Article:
The Blue Raspberry microphone is a condenser mic that offers plenty of versatility for podcasters. It delivers studio-quality sound in virtually any environment, sending it directly to your computer or mobile device.
This microphone uses a patent-pending internal acoustic diffuser design inspired by the treatments found in concert halls and studios. It works hard to focus your voice while minimizing background noise.
When you have a Blue Raspberry to use, your studio can go with you for portable podcasting fun.
Adding a pop filter to your setup will bring out even more of the benefits that come with this microphone.
What Are the Benefits of a Pop Filter for Podcasting?
When you see musicians and voice artists recording in a studio, you almost always see a pop filter in front of the microphone in use.
Each language has unique plosive sounds that occur when specific words are spoken. In English, it’s commonly associated with the letters “B” and “P.” Since they occur in natural speech, the microphone picks up on the extra emphasis needed to annunciate them.
Since extra air is needed to create those phonetics, the Blue Raspberry (and any other microphone) picks up the audio from that momentary breeze.
Lip formation is another element of plosive sounds. Try to form the word “baby” right now. Do you feel how your lips come inward to make the “B” sound?
Now, try saying the word “salad.” Do you feel how your teeth come together to produce the “S” sound?
The pop filter acts as a shield between those sounds and the microphone. When you have one placed correctly, you can disconnect the plosives from the audio. That makes the audio more consistent, making your podcast feel more streamlined and professional to the average listener.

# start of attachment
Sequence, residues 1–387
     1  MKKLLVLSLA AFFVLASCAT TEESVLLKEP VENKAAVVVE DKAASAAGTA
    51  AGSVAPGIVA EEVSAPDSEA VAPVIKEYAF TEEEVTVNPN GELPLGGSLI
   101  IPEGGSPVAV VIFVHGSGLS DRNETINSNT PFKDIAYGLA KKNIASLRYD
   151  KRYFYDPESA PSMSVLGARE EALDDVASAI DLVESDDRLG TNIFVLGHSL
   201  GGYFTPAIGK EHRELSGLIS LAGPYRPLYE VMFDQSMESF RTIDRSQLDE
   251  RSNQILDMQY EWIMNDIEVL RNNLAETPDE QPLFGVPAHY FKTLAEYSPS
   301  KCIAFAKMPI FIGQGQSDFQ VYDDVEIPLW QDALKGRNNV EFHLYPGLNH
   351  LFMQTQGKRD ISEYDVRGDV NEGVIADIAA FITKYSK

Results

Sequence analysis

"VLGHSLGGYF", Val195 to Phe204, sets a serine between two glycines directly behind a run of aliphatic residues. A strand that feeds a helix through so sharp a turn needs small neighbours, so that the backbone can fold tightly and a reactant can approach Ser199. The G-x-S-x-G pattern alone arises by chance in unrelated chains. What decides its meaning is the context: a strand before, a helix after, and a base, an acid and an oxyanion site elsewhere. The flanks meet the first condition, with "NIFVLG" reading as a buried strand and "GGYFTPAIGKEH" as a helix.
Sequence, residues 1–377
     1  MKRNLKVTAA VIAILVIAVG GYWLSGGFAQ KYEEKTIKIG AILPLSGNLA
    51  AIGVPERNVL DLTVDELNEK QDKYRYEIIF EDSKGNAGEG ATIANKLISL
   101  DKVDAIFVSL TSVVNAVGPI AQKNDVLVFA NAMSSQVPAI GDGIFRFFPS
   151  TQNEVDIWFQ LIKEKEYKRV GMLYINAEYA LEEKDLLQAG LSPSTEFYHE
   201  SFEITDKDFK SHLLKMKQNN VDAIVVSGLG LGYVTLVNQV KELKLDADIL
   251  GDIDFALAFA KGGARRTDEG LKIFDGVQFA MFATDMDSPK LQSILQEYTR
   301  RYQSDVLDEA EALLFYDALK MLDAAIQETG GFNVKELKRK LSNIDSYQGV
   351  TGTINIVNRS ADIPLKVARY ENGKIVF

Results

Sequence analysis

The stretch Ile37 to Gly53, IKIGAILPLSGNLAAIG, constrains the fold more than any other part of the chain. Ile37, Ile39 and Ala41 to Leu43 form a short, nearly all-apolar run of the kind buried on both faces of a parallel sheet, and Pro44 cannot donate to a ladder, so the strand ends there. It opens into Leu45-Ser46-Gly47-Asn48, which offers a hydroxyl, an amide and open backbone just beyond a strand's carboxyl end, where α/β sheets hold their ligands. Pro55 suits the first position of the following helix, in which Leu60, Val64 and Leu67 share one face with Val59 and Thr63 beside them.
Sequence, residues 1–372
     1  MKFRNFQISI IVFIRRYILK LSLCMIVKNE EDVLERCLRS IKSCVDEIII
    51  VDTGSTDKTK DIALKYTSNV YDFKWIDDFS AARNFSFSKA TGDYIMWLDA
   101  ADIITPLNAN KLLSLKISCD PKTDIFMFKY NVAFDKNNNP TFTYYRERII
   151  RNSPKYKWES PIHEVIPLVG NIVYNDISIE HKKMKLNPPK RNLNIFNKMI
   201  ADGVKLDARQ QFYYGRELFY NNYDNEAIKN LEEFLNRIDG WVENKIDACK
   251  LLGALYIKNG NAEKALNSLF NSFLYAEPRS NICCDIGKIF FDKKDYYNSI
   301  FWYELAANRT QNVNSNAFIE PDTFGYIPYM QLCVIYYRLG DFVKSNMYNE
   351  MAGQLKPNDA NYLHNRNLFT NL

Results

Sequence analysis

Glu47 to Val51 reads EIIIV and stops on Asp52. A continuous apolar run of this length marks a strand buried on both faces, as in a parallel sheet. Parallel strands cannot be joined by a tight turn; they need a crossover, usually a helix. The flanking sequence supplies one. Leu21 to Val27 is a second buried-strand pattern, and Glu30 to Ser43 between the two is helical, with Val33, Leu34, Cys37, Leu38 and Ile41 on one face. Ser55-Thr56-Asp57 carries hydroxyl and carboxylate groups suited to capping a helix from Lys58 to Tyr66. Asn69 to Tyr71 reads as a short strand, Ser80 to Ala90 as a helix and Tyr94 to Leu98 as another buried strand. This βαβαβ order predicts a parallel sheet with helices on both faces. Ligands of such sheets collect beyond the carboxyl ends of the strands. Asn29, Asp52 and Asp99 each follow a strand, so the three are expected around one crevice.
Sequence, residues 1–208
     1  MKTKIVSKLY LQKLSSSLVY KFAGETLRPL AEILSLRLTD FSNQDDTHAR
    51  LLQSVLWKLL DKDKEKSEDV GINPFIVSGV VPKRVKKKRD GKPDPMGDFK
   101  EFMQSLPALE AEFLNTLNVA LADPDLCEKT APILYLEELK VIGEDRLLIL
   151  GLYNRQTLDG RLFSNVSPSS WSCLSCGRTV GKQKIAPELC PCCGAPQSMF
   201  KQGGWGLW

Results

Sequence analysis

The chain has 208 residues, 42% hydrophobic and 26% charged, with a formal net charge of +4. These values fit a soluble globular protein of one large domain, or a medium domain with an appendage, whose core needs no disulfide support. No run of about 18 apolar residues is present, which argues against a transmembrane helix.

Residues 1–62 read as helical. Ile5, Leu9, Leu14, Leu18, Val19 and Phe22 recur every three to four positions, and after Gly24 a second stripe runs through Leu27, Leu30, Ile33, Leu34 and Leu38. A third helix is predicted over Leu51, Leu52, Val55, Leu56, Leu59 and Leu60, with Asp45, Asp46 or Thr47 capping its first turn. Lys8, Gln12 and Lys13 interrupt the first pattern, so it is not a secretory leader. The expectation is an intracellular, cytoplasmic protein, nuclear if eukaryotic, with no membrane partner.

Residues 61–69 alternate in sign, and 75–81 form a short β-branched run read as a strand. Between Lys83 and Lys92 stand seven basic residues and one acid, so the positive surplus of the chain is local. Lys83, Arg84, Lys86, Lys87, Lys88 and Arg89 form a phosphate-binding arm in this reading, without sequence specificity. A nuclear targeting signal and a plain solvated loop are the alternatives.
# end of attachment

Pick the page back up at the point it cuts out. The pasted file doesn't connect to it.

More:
What to Consider When Adding a Pop Filter?
When adding a pop filter to a Blue Raspberry microphone setup, you’ll want to consider three specific things to ensure your podcast benefits from this investment.
The Blue Raspberry mic is reminiscent of the old microphones you could see on The Tonight Show with Johnny Carson. You’ll need a pop filter that accommodates the shape of the equipment.
Although a flat filet pop filter is often the most cost-effective option to use, this design requires the podcaster to speak directly to the center of the unit.
Using a curved pop filter makes more range and movement possible during the recording. The plosive-reduction effect occurs at any angle.
The size of the pop filter must correspond with the Blue Raspberry microphone to be effective. Its diameter should cover the speaking area where you do the most talking.
A pop filter with a wider diameter is more practical if you tend to move while recording a podcast. When you sit at a desk or table while working, you can choose something with a smaller size.
A pop filter’s mounts are a crucial part of the decision-making process. Most designs come with a gooseneck shape that screws to a frame and clamp. The neck needs to be long enough to correctly attach the filter between you and the microphone.
Sound vibrations can travel through a pop filter if you’re close to it while speaking. Some setups benefit from a separate mount to avoid audio transfers into the recording.
What If I Don’t Have a Pop Filter for My Microphone?
Without a pop filter, you can still have a successful recording experience with a Blue Raspberry microphone. Here’s how
- Try speaking away from the microphone to ensure your voice’s angle doesn’t add plosives or other sounds into the recording.
- When you smile while saying words with “B” or “P” phonetics, it reduces the impact of the popping sounds coming from your lips.
- Place a pencil in front of your mouth while speaking into the mic to create a barrier that interrupts the airflow.
If you’re just getting started with your podcasting career, a nylon mesh pop filter does a great job of reducing plosives. You can see if you prefer this sound compared to your unmodified voice.
When you’re ready to maximize the advantages of the Blue Raspberry, consider investing in a metal pop filter. This option tends to be smaller, making it less obstructive while recording. The components are more durable, and most designs have wider holes to prevent blocking specific audio frequencies.
A pop filter with a Blue Raspberry mic is a great combination for beginners or expert podcasters. You’ll hear the difference immediately, and so will your audience.